What Is Meditation? Here's What You Need to Know—and How to Get Started
Plus, all the science-backed benefits that come with it.
You might not have even heard of meditation a few years ago, but all of a sudden, it seems like everyone and their dog is doing it. It's become a serious buzzword in the world of wellness, and for good reason. Meditation has been shown to reduce stress, improve sleep, curb anxiety, and more. Uh, sign us up.
Some people get intimidated by the word "meditation." They think, You want me to sit in total silence? For how long? I don't have time for that. We get it, time is our most valuable resource. But what if we told you that if you commit just 2% of your day to meditation, the other 98% could possibly be more productive and enjoyable?
Emily Fletcher, founder of Ziva Meditation in New York City and author of Stress Less, Accomplish More: Meditation for Extraordinary Performance, lives by that motto, and she has a point. It really only takes is a few minutes of meditation each day to start seeing some serious benefits. So what is meditation, anyway? And how can you get started? Fletcher answers all of our questions below:
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What is meditation?
Put simply, meditation is a tool for stress relief, Fletcher says, adding that by relieving stress, you're setting yourself up to be able to perform at the top of your game. "I believe we meditate to get good at life, not to get good at meditation," she says. Many people have the misconception that meditation is about focusing on the present, but Fletcher actually considers that to be mindfulness (which we'll get into later).Meditation, on the other hand, is about getting rid of all of the stress the body has stored from the past.
Fletcher says when done properly, meditation can actually give your body rest that's deeper than sleep. "When you give your body the rest that it needs, it knows how to heal itself." She says to think of your brain like a computer, and imagine that every stressful event in your life has left an open window on your Internet browser. "When you give your body deep healing rest, it closes down those open windows so that you can operate as nature intended," she explains.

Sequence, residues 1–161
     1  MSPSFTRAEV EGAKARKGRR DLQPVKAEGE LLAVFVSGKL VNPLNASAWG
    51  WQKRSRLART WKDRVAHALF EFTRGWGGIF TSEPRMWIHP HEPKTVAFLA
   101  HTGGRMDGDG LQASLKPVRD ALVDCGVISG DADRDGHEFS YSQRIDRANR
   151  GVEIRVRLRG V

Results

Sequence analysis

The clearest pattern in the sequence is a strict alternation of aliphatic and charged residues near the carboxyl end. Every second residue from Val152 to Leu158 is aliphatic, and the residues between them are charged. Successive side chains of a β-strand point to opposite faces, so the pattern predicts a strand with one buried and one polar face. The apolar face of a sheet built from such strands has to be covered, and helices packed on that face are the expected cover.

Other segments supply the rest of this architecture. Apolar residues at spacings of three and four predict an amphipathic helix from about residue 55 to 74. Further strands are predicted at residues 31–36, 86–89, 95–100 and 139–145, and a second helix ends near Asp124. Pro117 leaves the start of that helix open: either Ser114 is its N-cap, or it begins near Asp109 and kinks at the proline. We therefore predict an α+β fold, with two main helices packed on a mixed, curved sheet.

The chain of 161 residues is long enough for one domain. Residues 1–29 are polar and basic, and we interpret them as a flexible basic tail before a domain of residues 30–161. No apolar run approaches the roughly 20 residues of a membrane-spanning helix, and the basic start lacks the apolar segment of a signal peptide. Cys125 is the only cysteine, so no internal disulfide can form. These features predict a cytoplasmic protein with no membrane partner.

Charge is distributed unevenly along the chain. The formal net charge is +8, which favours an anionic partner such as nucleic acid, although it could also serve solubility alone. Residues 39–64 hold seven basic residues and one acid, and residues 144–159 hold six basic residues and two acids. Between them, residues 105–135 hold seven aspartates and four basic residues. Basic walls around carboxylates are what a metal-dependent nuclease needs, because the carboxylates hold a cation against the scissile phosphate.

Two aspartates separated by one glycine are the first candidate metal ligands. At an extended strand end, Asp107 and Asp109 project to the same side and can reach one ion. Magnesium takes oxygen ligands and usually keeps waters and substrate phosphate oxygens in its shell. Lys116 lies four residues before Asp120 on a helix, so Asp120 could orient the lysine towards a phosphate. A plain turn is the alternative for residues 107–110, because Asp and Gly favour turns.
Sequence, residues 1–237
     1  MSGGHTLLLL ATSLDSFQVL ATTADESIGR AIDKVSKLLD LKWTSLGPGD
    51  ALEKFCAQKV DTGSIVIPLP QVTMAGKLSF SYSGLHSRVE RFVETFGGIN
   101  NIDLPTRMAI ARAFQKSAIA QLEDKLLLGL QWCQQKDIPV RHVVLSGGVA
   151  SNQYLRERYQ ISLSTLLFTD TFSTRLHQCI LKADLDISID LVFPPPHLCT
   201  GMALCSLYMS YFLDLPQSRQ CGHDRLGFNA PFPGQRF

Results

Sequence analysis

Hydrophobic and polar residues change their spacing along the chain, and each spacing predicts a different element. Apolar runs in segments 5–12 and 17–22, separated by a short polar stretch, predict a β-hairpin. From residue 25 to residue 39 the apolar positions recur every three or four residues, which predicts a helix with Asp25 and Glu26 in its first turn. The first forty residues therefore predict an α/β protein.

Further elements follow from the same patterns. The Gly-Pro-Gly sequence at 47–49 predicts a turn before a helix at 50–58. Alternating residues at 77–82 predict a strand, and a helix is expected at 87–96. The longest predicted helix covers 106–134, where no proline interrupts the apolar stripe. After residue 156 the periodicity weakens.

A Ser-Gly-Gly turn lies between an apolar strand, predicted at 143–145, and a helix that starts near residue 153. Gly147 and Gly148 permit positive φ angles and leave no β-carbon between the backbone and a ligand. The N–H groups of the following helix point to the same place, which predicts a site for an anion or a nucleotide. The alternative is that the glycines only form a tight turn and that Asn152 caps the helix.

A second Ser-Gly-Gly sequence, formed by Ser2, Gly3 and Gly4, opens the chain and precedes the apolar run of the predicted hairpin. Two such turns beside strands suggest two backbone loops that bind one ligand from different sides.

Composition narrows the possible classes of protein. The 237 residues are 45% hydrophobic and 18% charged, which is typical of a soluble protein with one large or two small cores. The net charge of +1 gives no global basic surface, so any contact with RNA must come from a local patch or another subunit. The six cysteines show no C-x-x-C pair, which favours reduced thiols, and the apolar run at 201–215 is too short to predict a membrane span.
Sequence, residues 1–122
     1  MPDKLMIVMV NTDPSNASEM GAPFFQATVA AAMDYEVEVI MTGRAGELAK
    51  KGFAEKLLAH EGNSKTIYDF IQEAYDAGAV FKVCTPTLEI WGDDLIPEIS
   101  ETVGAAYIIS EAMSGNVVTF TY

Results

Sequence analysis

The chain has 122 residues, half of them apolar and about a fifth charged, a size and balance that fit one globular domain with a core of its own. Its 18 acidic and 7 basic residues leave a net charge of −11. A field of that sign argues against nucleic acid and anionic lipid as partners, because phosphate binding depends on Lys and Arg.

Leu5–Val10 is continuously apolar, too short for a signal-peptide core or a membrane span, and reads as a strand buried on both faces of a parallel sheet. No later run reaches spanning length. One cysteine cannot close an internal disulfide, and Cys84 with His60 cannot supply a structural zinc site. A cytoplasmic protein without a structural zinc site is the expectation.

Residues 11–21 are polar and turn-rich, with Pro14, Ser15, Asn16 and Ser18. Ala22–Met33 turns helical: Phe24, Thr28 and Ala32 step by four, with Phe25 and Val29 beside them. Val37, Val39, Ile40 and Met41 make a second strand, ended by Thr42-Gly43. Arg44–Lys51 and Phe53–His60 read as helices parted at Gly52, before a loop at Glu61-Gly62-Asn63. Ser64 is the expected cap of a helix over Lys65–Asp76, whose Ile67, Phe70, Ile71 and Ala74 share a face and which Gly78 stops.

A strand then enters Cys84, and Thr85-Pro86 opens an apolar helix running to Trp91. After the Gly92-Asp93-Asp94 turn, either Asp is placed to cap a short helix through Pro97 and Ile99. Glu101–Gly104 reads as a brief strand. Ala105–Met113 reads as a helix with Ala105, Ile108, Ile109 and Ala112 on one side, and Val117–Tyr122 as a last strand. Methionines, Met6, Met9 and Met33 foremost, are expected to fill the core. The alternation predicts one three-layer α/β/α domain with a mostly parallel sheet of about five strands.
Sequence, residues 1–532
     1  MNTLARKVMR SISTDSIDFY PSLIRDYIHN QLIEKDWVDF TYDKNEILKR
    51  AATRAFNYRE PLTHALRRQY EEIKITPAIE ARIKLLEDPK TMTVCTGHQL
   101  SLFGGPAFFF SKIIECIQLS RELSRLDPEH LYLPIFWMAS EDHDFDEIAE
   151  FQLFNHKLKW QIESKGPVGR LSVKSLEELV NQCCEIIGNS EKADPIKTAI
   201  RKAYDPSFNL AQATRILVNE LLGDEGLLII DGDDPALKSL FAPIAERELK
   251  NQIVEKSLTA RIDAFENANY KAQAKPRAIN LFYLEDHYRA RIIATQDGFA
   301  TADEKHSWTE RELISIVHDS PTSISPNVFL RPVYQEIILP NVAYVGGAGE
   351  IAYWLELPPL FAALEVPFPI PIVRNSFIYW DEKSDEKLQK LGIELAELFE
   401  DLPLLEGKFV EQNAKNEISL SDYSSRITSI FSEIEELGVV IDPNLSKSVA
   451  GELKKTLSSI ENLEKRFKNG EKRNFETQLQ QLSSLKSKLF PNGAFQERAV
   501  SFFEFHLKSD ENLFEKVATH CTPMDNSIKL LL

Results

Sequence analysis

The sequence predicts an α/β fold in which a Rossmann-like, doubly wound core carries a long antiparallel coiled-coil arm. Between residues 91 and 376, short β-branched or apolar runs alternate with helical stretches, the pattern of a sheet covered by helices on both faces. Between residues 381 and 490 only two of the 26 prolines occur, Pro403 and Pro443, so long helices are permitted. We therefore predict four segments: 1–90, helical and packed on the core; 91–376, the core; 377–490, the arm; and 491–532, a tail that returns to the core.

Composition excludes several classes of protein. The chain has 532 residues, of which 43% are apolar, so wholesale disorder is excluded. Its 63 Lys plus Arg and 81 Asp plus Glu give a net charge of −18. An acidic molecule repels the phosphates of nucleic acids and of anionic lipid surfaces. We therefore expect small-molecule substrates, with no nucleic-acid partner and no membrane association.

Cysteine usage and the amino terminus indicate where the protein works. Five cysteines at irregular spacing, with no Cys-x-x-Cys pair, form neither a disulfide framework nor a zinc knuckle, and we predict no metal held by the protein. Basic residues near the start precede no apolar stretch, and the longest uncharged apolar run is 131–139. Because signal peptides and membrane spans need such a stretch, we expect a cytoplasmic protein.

What is mindfulness?
A lot of people use the terms mindfulness and meditation interchangeably, but they're actually very different, Fletcher says. "I would define mindfulness as the art of bringing your awareness into the present moment," she explains. It's a combination of techniques, such as breath work and visualization, that help you to relieve stress in the now. A main difference between the two is that mindfulness asks you to focus on the present, while meditation asks you to let your mind drift into a fourth state of consciousness that's different than waking, sleeping, or dreaming.
What are the benefits?
Researchers from Johns Hopkins University analyzed nearly 19,000 studies on meditation and concluded that there's plenty of evidence that the practice can help ease psychological stresses like anxiety, depression, and even pain. In addition, Fletcher says improved sleep, productivity, and mood are some of the most common benefits she's seen among her students. She tells us she's also had students who claim to have experienced other perks, such as a boost in libido.
How can I get started?
It can be intimidating to add something new to your daily routine, which is why the key to actually meditating every day is finding a technique that's right for you. There are countless apps, online courses, and books that can get you started, but before you commit to one, really think about whether it's going to fit into your schedule. For example, maybe you don't have time to read a book on meditation when you get home from work, but you do have 10 minutes to spend on an app in the morning before you start your day. Figure out what's going to work and stick with it. Once you do, Fletcher says you'll quickly realize you don't have time not to meditate.